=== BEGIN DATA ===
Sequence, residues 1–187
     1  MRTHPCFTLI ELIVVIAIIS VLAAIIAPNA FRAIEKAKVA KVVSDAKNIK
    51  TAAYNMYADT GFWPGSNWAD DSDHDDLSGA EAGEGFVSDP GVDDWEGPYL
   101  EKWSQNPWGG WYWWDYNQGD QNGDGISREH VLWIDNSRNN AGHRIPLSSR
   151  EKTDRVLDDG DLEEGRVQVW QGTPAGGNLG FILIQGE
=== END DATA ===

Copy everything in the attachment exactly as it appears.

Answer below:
Sequence, residues 1–187
     1  MRTHPCFTLI ELIVVIAIIS VLAAIIAPNA FRAIEKAKVA KVVSDAKNIK
    51  TAAYNMYADT GFWPGSNWAD DSDHDDLSGA EAGEGFVSDP GVDDWEGPYL
   101  EKWSQNPWGG WYWWDYNQGD QNGDGISREH VLWIDNSRNN AGHRIPLSSR
   151  EKTDRVLDDG DLEEGRVQVW QGTPAGGNLG FILIQGE